“Strong, sweet, and bitter—a good cocktail has the intrigue of an alluring drama, the joy of a salty-sweet dessert, and the sin of a vice. From the raucous innkeepers of the 18th century to the gangster bootleggers of Prohibition, liquor has always had a dark side, and cocktails are the keepers of its lore. Some creation legends include tales of the New York gangster and poker hustler Jack Rose, the famous matador film Blood and Sand, and a club dancer named Margarita Carmen that eventually became the pin-up actress known as Rita Hayworth. Where there’s a drink, there’s a story.”
That is the description offered for An Illustrated Guide to Cocktails by locals Orr Shtuhl and Elizabeth Graeber. The new release features recipes and origin stories for a variety of classic drinks, accompanied by beautiful and whimsical illustrations.
“Cocktails seemed like the perfect subject for us,” Shtuhl says of how the idea for the book came about. “They each come with their own little self-contained tales, and that’s how we wanted to set the book up. There’s a new story on every page, so it’s the kind of book you can open up in the middle and read here and there.”
Every page also comes alive with vibrant and evocative drawings by Graeber, who’s distinctive and charming work may feel familiar to DC residents from appearances in Worn Magazine, Washington City Paper, and elsewhere. She had previously created a book about a “fictional, upscale sort of dining club” with a Jazz Age feel, which Shtuhl particularly loved and helped inspire this collaboration.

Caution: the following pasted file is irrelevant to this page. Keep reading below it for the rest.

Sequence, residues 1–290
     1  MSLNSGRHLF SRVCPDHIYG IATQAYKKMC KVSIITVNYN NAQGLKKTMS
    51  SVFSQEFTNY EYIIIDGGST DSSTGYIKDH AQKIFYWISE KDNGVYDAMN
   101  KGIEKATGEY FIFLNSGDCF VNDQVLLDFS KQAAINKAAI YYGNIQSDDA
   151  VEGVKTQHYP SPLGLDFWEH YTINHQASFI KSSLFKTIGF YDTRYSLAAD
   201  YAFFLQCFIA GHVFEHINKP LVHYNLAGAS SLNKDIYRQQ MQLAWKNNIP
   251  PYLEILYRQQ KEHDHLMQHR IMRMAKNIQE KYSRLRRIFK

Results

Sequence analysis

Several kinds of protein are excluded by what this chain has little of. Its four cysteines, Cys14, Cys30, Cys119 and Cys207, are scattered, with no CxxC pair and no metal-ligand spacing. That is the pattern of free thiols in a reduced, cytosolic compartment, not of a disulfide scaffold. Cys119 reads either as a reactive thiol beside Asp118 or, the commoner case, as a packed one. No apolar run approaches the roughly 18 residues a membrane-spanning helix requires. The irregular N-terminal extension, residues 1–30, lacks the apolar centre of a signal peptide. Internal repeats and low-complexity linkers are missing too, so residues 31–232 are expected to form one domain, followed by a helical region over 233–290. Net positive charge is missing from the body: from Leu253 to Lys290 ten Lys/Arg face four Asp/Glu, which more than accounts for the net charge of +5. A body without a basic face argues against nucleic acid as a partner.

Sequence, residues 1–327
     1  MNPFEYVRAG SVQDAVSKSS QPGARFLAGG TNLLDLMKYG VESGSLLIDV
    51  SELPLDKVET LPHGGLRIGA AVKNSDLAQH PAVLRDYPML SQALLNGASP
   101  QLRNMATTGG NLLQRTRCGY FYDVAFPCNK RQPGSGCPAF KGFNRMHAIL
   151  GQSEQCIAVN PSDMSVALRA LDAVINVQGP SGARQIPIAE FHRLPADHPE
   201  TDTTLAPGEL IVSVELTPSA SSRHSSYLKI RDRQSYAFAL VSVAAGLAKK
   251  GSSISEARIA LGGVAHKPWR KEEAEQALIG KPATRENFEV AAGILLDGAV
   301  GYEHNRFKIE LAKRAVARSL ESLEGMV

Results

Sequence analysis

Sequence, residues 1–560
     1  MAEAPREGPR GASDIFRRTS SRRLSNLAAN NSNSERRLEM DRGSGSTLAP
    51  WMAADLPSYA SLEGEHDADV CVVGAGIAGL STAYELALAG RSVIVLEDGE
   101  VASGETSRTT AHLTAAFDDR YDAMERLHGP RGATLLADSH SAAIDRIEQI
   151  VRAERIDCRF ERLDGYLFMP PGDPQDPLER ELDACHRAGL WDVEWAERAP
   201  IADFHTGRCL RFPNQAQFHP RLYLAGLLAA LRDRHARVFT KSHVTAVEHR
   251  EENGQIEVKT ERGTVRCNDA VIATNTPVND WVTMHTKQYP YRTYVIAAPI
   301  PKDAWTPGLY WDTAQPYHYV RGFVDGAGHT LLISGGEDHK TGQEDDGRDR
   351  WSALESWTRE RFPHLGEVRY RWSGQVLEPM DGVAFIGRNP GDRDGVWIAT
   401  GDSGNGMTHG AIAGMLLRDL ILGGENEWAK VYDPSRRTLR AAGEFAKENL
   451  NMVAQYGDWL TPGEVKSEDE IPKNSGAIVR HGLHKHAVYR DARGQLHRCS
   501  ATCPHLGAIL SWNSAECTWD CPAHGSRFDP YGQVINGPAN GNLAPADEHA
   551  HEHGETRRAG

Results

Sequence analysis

Shtuhl, too, is known to City Paper readers – in his case as the author of that publication’s The Beerspotter column. In that capacity, he writes about a beer each week – but cocktails are close to his heart as well.
“I’ve always loved cocktails, both as someone who drinks them and as a writer. Behind every cocktail, there’s a story — especially in the heyday of cocktails, around the turn of the century, these origin myths were important for spreading word about a drink, marketing it, in a way. And of course some of these stories were quite colorful, as were the characters who invented them.”
Obviously, this cheerful book is not an academic tome on the history of the American cocktail and does not attempt to be a complete compendium of recipes. Instead, it focuses on a few classics that can be made at home to be enjoyed along with a bit of story. The book would look lovely on table or make a charming gift.
An Illustrated Guide to Cocktails is currently for sale at several local shops and on Etsy.
It can also be purchased at any of the stops on Shtuhl and Graeber’s book tour which will be taking them to many of the best bars in Washington. After a launch party at The Gibson, they took the show to SOVA last night, and, between June 20 and 27, will be stopping at Room 11, Bourbon, Breadsoda, and The Passenger. The collaborators will be available to tell cocktail stories and talk about the book – no doubt, over a few lovely drinks.